How can those who plant mines in Yemen be equated with those who remove them?

Hamdan Alaly
Hamdan Alaly
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Yemen has a long history with mines. During the North-South conflict in the 1970s, armed groups situated in the central regions planted hundreds of thousands of mines they got from Libyan leader Muaamar Kaddafi as support for the National Front. Over the decades, some of these mines have been removed while a vast majority remains unearthed to this day, according to government statements.

When the Houthi rebellion began in 2004 in the Saada governorate, mines were one of the most important weapons the Houthis relied on during their wars against the state. The Houthis have had a penchant for obtaining and manufacturing mines of various types and sizes. In fact, the militia set up a mines’ factory in the city of Saada, which was targeted by Arab coalition forces in May 2015.

A few weeks ago, I visited Midi city in the province of Hajjah, which was recently fully emancipated from Houthi control. We had only one way to reach the city and we couldn’t take different routes. Mines were heavily planted in every corner within and around the city, except for areas that the engineering teams had cleared of mines. Those who visit the city and adjoining areas where the Houthis were must move in a restricted, narrow and known path in order to remain safe from the mines the Houths left behind and which has made those who resided there refrain from returning to their homes.

Mines planted by Houthis have claimed 639 lives and injured 704 others in Yemen between July 2014 and March 2018.

Hamdan Alaly

Some of the inhabitants of the city said that “many people have been killed by these mines. Even though war has ended in these areas, landmines still surround them and suffocate (their movement). There are no exceptions as (the Houthis) planted mines on roads, in heavily populated neighborhoods, farms, beaches and even inside houses.” The Houthis produced all kinds of mines, ranging from large mines that target tanks and big vehicles to small-sized ones that target individuals and which are internationally-prohibited.

Midi is not the only city riddled by the bane of Houthi mines. The Houthis have planted internationally banned mines everywhere they passed, such as in cities of Taiz, Marib, Al Bayda, Sanaa, Hodeidah, Saada, Aden, Lahij, Dhale and the rest of Hajjah. All of these areas are filled with mines. Mines are the friends of Houthi fighters wherever they set foot and Abdulmalik al-Houthi’s gift to the children and women of Yemen!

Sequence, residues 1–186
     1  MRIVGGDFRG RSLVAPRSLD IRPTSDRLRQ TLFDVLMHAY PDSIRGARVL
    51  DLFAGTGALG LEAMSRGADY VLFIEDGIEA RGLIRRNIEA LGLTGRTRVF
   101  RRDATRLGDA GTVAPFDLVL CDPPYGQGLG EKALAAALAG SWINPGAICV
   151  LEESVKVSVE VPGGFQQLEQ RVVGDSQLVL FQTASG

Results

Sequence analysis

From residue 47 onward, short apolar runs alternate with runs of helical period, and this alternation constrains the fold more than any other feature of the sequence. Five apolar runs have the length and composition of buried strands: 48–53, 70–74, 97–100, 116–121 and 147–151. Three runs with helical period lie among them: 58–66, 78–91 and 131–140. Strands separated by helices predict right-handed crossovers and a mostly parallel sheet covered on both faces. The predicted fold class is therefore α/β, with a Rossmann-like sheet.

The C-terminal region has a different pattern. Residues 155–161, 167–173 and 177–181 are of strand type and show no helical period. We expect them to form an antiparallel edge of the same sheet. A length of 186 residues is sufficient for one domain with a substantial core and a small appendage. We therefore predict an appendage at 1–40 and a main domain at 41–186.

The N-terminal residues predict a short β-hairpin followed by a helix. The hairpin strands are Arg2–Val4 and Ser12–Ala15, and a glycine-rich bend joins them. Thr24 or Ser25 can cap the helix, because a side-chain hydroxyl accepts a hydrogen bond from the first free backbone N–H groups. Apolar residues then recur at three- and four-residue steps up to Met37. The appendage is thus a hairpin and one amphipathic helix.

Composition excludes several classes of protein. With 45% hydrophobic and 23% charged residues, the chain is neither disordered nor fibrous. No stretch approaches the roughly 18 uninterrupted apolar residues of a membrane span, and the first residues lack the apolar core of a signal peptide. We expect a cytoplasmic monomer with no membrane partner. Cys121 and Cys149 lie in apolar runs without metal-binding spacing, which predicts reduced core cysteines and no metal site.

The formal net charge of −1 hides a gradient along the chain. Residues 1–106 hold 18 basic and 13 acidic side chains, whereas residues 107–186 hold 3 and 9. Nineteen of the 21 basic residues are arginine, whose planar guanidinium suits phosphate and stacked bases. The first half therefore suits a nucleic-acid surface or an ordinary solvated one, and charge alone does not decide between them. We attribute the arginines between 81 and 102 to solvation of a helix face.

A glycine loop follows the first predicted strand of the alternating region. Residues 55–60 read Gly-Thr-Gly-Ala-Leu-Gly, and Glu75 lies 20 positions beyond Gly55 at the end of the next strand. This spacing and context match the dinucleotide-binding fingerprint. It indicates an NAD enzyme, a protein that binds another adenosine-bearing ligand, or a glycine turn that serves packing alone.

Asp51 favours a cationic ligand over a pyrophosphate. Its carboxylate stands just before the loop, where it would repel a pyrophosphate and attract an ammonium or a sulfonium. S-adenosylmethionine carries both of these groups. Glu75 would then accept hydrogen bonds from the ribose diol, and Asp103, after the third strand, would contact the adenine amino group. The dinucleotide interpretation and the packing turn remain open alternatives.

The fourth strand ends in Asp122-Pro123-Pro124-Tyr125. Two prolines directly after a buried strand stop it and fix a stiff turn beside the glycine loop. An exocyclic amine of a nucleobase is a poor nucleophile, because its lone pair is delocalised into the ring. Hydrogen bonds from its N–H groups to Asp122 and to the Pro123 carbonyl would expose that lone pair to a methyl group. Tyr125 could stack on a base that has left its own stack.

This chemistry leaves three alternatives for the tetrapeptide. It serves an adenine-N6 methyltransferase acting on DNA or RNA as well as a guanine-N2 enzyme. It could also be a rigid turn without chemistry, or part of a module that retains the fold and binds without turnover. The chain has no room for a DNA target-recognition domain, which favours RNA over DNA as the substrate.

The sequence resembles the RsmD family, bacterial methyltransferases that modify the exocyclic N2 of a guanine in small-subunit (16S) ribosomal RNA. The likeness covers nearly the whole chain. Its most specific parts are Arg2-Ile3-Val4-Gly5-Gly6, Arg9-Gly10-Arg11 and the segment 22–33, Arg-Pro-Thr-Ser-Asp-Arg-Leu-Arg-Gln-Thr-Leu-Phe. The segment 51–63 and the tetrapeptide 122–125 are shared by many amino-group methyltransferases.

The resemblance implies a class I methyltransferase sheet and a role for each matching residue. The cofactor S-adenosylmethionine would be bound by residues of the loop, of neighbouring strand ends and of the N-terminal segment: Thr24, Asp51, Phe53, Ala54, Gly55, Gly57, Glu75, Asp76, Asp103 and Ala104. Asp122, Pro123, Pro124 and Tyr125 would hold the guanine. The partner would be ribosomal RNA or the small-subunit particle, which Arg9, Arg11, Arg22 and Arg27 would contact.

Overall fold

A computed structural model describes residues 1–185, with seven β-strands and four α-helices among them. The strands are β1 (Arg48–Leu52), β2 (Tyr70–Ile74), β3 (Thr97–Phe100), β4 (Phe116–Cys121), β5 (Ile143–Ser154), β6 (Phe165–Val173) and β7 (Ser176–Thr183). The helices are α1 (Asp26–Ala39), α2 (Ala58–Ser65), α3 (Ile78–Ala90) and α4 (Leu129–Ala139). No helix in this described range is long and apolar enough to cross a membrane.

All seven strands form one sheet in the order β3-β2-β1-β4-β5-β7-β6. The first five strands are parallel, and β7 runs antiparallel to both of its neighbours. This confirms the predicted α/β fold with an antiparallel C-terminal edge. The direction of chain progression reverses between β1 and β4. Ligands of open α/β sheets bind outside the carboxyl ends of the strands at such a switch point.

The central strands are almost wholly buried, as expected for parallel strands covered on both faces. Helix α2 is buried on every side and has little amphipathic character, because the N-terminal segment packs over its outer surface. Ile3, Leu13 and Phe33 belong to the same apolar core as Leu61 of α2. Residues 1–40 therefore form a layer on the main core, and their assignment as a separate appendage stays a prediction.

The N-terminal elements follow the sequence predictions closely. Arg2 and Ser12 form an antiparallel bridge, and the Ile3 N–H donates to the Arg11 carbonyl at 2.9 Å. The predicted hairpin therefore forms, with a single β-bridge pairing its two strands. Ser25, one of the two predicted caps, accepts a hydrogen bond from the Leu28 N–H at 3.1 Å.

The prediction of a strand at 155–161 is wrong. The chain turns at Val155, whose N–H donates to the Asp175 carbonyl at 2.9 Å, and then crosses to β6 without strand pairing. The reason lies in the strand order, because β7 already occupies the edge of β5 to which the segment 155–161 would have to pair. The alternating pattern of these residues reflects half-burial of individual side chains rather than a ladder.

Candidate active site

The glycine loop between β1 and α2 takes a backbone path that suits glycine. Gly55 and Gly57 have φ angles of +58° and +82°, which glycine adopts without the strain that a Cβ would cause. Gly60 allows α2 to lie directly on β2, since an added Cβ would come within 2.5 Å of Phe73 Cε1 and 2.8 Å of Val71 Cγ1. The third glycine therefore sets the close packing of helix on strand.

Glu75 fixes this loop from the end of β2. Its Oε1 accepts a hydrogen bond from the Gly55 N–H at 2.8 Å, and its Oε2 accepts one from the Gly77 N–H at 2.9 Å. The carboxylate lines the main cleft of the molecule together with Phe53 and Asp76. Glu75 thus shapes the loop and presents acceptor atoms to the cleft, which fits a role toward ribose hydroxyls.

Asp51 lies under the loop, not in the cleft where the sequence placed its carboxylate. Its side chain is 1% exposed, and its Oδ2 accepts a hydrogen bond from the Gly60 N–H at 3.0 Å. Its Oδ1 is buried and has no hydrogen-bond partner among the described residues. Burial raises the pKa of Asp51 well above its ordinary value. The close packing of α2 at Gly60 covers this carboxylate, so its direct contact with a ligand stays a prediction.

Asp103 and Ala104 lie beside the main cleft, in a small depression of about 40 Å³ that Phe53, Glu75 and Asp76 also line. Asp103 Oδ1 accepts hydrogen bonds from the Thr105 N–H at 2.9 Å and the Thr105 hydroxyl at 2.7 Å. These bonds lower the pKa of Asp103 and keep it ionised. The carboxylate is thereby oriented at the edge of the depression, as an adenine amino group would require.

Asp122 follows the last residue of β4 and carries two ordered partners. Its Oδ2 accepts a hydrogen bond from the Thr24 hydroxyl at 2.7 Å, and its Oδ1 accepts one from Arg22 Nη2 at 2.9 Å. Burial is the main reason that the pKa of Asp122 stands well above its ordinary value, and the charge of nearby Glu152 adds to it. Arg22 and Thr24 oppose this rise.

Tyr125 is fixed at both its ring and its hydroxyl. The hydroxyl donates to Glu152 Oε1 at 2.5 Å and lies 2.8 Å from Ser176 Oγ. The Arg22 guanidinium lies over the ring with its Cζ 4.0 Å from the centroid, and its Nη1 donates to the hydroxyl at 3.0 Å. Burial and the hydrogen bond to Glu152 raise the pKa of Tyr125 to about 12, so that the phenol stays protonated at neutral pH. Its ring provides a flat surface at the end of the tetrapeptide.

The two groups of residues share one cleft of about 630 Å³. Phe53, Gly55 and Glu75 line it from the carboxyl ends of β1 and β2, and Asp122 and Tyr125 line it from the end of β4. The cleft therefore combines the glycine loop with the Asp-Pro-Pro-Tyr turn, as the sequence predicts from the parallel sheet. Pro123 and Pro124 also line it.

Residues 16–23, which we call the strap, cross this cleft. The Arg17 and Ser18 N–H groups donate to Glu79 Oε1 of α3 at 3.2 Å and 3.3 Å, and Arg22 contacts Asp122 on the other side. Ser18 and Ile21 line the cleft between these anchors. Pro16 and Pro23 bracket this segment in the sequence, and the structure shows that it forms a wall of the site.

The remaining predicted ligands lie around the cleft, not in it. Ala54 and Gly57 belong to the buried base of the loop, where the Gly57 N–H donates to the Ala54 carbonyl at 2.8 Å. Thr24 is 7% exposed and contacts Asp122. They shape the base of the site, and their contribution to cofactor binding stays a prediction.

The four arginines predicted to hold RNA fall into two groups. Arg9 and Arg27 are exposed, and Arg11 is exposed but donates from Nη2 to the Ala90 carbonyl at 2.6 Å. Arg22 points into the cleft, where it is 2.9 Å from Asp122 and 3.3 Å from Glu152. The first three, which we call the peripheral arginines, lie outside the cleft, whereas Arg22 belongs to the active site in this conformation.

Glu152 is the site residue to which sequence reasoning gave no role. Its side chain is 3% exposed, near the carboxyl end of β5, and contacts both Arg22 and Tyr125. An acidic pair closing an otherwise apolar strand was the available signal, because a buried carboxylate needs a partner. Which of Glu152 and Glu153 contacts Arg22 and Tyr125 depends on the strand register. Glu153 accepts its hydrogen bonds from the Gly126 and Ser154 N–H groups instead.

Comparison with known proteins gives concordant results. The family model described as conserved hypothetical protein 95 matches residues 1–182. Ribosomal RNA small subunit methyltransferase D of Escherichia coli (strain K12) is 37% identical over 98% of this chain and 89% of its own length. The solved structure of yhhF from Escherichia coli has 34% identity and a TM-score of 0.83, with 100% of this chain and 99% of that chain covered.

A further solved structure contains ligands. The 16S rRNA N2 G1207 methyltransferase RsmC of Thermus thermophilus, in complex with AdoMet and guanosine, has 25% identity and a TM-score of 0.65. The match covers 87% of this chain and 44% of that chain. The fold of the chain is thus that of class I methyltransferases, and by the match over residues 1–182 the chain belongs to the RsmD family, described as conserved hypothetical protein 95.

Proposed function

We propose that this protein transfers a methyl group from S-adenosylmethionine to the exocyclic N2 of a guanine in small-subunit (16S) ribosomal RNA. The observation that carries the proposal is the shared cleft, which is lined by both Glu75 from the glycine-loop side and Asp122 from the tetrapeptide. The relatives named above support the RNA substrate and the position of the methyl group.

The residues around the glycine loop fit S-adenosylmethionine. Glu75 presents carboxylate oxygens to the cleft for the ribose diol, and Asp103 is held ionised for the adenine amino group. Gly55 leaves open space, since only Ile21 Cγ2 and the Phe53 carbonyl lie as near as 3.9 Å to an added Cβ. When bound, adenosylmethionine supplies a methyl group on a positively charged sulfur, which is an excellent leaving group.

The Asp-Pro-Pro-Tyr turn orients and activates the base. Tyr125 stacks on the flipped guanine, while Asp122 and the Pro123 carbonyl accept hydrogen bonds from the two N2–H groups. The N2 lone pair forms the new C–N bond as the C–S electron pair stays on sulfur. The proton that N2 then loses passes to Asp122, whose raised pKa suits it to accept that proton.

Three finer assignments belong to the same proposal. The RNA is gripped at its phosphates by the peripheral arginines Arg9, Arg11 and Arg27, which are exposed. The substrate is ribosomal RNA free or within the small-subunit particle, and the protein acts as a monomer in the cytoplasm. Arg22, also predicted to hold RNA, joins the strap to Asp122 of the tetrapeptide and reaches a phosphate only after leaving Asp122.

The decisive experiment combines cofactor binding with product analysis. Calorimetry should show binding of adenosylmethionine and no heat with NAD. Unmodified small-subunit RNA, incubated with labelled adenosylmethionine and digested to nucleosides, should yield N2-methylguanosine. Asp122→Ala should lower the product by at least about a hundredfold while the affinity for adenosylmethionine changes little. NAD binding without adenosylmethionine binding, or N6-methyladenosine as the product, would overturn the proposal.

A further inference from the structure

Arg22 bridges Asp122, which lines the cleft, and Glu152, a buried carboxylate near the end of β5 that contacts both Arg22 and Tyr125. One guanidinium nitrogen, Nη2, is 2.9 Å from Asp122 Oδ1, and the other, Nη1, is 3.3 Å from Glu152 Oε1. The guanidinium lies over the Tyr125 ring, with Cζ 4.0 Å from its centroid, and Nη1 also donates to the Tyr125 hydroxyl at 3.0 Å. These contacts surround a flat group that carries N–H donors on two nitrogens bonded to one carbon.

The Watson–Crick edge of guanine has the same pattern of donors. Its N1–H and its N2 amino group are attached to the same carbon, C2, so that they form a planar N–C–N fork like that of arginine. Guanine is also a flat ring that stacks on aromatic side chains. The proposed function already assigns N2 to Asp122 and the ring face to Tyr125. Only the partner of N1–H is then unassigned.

According to the latest report by the Yemeni Coalition for Monitoring Human Rights Violations, mines claimed the lives of 639 Yemenis and injured 704 people between July 2014 and March 2018. By the way, only the Houthi militias have planted mines in Yemen since the first war in 2004.

Statistics reveal that Yemen, which signed the Ottawa treaty that forbids the use of anti-personnel mines in 1997, has been booby-trapped by more than half a million mines planted by the Houthi militia in the past few years. Director of Yemen’s Executive Mine Action Center Brigadier General Amin al-Ogaili said: “Yemen has been affected by the largest mine-laying action since the end of the World War II, and today it is the foremost country in the Middle East and North Africa region that has been affected by the disasters of these widespread mines.”

Mines are the Houthis’ gift to the people. On the other hand, the Kingdom of Saudi Arabia is making great efforts to confront this disaster which threatens the Yemenis’ future and present, and it’s doing so via the MASAM project that was launched by King Salman Center for Relief and Humanitarian Aid and that aims to remove all forms and shapes of mines that were planted by the militias in Yemeni territories, especially in the governorates of Marib, Aden, Sanaa and Taiz. This project will be implemented with Saudi human resources and international expertise. This abundant Saudi generosity makes me, as a Yemeni, wonder whether those who plant mines and those who remove them can be deemed equal by the world.

This article is also available in Arabic.


Hamdan Alaly is a Yemeni writer and journalist.

Disclaimer: Views expressed by writers in this section are their own and do not reflect Al Arabiya English's point-of-view.
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